The member-supported Blackhawk Museums, founded in 1988, is one of the Bay Area’s must-see museums offering several diverse attractions on three floors that are continuously evolving with new exhibitions that span four continents with the Art of Africa, Into China, and this fall the Wonders of Natural History that will explore the creatures of the highest mountains to the deepest oceans.  

Ken Behring, philanthropist extraordinaire, is realizing his longtime dream of bringing history and culture to the Bay Area communities through educational state-of-the-art exhibitions.  His longtime connections to China, and several countries in Africa, have led to his involvement in the founding of over 40 Museums of Natural History.  In addition to his expertise in founding museums, his Wheelchair Foundation, a subsidiary of Global Health and Education Foundation, has also delivered over one million wheelchairs to those in need of mobility, has provided fresh drinking water in drought-impacted areas, and also sponsors eye surgeries bringing the gift of sight to many. 

The Blackhawk Museums, in addition to the on-site exhibitions, offer several outreach programs that include the Pebble Beach Concours d’Elegance, ongoing lecture series, and educational and entertaining special events such as Cars & Coffee which attracts car club enthusiasts and as many as 1,200 vintage automobiles that gather the first Sunday of every month. In addition to regular activities for the membership, the museum also sponsors open-to-the-public fund raising events.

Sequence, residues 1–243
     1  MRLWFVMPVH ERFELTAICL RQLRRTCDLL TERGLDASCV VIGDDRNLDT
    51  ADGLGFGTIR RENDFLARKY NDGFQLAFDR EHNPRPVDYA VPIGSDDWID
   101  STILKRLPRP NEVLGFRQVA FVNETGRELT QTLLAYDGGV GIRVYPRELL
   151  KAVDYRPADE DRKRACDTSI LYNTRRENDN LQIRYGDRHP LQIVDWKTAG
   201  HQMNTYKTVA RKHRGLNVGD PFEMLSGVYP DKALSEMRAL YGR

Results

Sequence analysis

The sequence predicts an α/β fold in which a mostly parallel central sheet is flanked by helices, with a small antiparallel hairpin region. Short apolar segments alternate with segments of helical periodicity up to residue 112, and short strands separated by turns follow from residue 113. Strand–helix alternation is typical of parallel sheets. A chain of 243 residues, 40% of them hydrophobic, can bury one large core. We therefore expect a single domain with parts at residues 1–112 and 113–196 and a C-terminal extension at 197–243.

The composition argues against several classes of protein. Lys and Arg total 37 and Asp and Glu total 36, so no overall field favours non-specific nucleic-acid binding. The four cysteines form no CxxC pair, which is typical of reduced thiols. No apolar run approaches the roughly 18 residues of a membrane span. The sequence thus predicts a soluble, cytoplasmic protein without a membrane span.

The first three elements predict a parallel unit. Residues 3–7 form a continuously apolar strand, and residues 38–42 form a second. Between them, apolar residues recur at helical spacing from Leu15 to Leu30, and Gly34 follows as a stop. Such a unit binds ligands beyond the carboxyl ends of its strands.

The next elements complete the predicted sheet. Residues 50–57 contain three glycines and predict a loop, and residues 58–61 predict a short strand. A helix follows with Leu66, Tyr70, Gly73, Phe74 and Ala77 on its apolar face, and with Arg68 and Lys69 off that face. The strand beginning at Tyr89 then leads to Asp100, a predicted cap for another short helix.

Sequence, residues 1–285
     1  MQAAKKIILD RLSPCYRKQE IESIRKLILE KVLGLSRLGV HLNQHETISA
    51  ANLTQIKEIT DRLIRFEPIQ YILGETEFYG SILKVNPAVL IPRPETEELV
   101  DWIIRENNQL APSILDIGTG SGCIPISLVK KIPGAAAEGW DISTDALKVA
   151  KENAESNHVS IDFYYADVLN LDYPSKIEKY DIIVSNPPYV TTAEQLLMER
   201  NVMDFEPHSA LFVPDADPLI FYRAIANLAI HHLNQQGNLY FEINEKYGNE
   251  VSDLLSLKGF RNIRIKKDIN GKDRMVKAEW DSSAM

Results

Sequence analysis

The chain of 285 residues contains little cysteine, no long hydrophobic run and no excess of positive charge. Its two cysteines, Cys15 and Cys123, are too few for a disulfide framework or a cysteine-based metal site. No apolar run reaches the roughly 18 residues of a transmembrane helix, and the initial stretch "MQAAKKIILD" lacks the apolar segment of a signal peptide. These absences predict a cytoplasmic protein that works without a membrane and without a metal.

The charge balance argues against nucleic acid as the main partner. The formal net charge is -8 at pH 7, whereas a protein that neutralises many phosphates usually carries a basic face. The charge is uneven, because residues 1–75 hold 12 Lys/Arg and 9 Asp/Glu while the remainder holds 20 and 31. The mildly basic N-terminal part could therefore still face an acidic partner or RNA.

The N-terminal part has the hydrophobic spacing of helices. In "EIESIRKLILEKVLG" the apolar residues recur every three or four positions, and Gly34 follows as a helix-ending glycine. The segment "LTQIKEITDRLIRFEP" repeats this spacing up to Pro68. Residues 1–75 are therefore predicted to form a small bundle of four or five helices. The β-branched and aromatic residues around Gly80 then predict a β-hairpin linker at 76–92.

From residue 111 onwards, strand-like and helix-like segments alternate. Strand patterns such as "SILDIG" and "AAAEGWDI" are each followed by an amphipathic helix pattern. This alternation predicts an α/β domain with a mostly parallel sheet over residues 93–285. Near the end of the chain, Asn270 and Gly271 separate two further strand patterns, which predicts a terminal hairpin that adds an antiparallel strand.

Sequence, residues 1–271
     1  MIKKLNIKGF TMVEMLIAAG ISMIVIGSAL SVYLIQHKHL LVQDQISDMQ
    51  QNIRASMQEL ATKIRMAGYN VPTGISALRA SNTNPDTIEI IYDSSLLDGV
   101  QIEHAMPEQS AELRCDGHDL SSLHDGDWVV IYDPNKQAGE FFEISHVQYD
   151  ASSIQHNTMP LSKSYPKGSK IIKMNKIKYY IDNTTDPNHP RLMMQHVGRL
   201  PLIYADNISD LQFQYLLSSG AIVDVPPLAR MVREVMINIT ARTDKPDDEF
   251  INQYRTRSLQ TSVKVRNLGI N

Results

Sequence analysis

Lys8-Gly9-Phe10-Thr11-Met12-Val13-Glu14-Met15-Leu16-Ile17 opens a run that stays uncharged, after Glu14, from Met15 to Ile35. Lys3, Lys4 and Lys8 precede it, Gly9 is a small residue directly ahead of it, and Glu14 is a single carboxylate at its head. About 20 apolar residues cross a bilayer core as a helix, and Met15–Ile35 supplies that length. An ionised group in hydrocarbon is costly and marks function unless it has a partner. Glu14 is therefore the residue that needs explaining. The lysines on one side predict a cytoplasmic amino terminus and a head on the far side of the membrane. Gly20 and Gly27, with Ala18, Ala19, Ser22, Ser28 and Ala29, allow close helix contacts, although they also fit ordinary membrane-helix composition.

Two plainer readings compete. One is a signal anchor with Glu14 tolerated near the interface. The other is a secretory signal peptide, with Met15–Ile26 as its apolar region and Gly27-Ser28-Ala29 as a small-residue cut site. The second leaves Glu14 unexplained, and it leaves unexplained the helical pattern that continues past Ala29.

One of the largest annual fund raising events, sponsored by the Friends of the Blackhawk Museums, aptly titled Night at The Museum , offers a live auction, dinner, dancing to live music, costume prizes, and historic reenactments featuring Jesse James, General George Custer, a Buffalo Soldier, and other iconic western characters. Costumed reenactments will carry guests through the portals of time into the Spirit of the Old West exhibition where the Plains Indians and pioneers are recreated amid authentic artifacts in the ambiance of “Cowboy and Indian” Western history.

One of the most exciting aspects of the third annual Night at the Museum live auction is the opportunity to bid on once-in-a-lifetime experiences; a Photo Safari at the Ezulwini Game Reserve in South Africa; Behind-the-Scenes Museum Experience in Washington D.C.; Monaco Historic Mille Miglia Races 2018; Indianapolis 500 Paddock Box Experience for Two; Vintage Land Rover Old Ghost Towns off-road Excursion, and the Pebble Beach Concours d’Elegance VIP Experience.

The state-of-the-art Blackhawk Museums exhibit various collections where visitors can stroll, not only through the past, but across continents. Besides the American Indian and Cowboy experience the visitor can enjoy the stunning Art of Africa featuring Massai and Makonde cultural examples of village  handicrafts of hand-carved ebony, blackwood, and rosewood sculptures, musical instruments, ceremonial masks, apparel and animal paintings representing Sub-Saharan Africa; Tanzania, Cameroon, the Democratic Republic of Congo, and Nigeria.